Ebru Umar was angry. A Dutch journalist of Turkish heritage, she has been known to take that anger to the page. On the night of April 24, from her summer home in Kusadasi, Turkey, she took it instead to Twitter, raging against a letter the Turkish Embassy in the Netherlands sent to Turkish organizations throughout the country. The message: Please report anyone who has insulted Turkey or its president, Recep Tayyip Erdogan. If possible, include the perpetrator's name, e-mail address, and other identifying information.
In tweets laced with profanity, including "#f***ererdogan," Umar decried the edict (which the embassy had later unconvincingly explained was "misinterpreted" as a result of "unfortunate wording"). Even more, she condemned the many Dutch-Turks who supported it. Tweeting late into the night, she cursed Erdogan, cursed his supporters, and battled verbally with Dutch Turks who responded by threatening to turn her in to the police. Then she went to bed.
Soon after, a knock at her door signaled that someone had followed through with the threat: Turkish police officers stood outside. Umar spent the night in prison. Though she was released the next day, she may not leave the country. This land arrest could easily end in days, or it could last years. Meantime, as Dutch officials negotiate with the Turkish government to bring her home, she continues writing and condemning the oppression facing her and other journalists.
That's not just in Turkey, which now stands 151st in a list of 181 countries ranked for press freedom.
"The biggest problem [in Turkey] is freedom of thought, and especially freedom for journalists to engage in political commentary," Turkish Nobel laureate Orhan Pamuk declared last year.
Increasingly, Turkish officials are making demands of, and threats against, journalists abroad.
The notice from Turkey's embassy to the Netherlands, for instance, followed Germany's decision a month ago to charge comedian Jan Boehmermann for reading an anti-Erdogan poem on his talk show. The poem referred to yet another incident in Germany: the satirical broadcast of a song titled "Erdowie, Erdowo, Erdogan," which included such statements as: "Equal rights for women: beaten up equally."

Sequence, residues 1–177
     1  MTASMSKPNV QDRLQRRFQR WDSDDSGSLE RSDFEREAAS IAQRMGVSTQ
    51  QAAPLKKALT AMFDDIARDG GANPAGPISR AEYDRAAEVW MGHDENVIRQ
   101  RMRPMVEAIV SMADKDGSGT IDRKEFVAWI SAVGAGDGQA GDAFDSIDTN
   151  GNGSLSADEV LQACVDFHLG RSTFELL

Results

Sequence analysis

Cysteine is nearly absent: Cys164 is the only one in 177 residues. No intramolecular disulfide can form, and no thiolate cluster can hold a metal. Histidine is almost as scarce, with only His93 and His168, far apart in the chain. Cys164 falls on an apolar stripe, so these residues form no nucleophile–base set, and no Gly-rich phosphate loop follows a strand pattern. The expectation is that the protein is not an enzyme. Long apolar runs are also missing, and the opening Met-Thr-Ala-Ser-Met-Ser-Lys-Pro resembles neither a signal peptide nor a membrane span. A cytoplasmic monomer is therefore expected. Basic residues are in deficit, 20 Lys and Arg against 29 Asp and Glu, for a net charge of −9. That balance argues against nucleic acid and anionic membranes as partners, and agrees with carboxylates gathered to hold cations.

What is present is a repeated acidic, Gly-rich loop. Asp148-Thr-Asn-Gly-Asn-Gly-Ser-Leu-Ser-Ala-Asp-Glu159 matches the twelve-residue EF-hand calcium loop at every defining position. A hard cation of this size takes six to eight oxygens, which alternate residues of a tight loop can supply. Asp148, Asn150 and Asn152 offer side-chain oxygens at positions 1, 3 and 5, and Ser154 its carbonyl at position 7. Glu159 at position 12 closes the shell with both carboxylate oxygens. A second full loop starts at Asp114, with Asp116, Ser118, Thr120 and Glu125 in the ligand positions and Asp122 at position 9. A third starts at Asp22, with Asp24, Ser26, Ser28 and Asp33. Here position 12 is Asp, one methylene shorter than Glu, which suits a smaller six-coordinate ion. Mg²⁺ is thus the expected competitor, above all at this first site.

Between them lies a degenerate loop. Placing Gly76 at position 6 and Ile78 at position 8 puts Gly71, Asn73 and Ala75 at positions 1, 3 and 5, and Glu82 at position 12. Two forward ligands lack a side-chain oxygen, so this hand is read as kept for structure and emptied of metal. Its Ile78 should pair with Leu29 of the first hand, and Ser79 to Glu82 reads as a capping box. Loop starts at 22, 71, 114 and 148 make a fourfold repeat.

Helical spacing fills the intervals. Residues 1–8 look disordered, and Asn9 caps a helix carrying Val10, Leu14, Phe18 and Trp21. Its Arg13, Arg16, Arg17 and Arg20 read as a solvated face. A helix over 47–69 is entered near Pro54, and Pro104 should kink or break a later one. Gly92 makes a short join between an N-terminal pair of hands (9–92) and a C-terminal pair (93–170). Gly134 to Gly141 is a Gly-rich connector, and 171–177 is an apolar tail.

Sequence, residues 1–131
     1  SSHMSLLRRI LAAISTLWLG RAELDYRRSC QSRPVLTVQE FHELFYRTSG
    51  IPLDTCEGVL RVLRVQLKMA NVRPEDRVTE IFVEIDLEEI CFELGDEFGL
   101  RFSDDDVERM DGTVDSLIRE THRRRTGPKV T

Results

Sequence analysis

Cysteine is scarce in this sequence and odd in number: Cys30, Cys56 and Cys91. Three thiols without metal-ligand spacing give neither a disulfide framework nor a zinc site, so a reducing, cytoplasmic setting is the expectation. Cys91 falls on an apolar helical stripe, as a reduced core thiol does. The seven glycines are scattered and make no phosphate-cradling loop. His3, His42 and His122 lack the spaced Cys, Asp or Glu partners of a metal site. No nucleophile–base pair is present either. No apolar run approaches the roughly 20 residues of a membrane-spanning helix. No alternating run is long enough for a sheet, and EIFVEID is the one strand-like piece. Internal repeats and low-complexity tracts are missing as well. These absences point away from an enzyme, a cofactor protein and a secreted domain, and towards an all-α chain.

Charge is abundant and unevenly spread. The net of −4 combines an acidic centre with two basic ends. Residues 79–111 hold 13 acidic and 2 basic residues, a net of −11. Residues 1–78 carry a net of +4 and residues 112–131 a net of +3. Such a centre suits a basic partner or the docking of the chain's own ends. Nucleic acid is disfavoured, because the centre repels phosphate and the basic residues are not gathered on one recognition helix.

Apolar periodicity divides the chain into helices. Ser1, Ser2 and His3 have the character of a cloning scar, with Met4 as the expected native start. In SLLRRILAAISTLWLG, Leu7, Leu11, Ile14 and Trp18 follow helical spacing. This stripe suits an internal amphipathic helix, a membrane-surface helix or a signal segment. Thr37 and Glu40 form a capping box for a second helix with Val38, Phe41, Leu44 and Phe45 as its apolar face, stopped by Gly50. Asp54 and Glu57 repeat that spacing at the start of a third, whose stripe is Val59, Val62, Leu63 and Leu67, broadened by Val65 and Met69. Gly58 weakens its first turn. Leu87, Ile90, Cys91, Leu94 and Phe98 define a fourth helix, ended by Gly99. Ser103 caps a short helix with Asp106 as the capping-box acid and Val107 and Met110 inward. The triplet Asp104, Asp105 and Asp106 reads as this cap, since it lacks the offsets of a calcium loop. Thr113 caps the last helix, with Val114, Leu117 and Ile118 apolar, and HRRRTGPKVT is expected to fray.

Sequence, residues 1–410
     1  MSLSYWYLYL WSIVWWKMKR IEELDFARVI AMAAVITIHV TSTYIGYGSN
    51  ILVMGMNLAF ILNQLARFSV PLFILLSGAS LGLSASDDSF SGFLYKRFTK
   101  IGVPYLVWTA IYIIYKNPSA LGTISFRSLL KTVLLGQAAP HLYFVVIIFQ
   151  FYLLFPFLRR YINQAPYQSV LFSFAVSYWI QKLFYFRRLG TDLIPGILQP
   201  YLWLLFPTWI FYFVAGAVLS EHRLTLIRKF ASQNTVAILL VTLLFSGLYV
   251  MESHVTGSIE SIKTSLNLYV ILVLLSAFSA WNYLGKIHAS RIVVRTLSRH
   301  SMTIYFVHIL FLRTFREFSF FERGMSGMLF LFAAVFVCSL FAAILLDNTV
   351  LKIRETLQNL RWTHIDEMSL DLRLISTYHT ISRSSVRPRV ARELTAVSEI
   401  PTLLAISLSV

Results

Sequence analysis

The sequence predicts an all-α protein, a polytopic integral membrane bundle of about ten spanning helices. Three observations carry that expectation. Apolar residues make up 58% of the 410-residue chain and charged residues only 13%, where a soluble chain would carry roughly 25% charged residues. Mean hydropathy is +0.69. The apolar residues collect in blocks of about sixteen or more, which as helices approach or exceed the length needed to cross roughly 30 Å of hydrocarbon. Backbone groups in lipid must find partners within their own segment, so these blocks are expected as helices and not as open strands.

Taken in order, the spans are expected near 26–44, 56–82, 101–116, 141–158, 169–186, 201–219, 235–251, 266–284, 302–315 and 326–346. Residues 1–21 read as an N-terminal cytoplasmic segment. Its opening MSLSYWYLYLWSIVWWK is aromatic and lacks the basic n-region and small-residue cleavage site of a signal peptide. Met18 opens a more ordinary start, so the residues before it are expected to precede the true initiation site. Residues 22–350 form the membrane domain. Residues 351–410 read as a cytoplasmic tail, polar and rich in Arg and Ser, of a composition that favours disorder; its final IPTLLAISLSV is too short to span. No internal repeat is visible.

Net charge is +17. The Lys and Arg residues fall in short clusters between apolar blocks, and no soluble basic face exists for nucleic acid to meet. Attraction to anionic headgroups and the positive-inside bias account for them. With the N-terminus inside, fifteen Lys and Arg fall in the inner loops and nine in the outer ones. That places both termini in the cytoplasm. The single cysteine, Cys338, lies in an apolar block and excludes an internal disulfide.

Shortly after the "Erdowie" satire aired, Erdogan demanded it be deleted from the station's web site and wiped from the internet. The TV station refused.
But if German broadcasters had defied Turkey's demands, Chancellor Angela Merkel has proved more malleable. There are political reasons for this. As Dutch journalist Jeroen Wollars said on Dutch TV program "De Wereld Draait Door" the day after Umar's arrest, Germany has become completely dependent on Erdogan in the face of the recent agreement over Syrian refugees, which essentially gives the Turkish president the power to stop the wave of refugees to Europe or permit it to continue. Hence, when the Turkish government demanded Boehmermann be prosecuted for insulting its president, Merkel caved. The 35-year-old satirist now faces jail time on the grounds of section 103 of the German penal code, which criminalizes insulting a foreign head of state.
"Erdogan has become extremely aggressive since the deal," noted Turkey-based Dutch journalist Lucas Waagmeester on "De Wereld Draaait Door." "And it's not just Erdogan – it's the Turkish soul." In pursuing that aggression, Holland must have seemed like a strategic target. Dutch Turks voted heavily for Erdogan in Turkey's snap election last November, suggesting that they would be sympathetic to his call.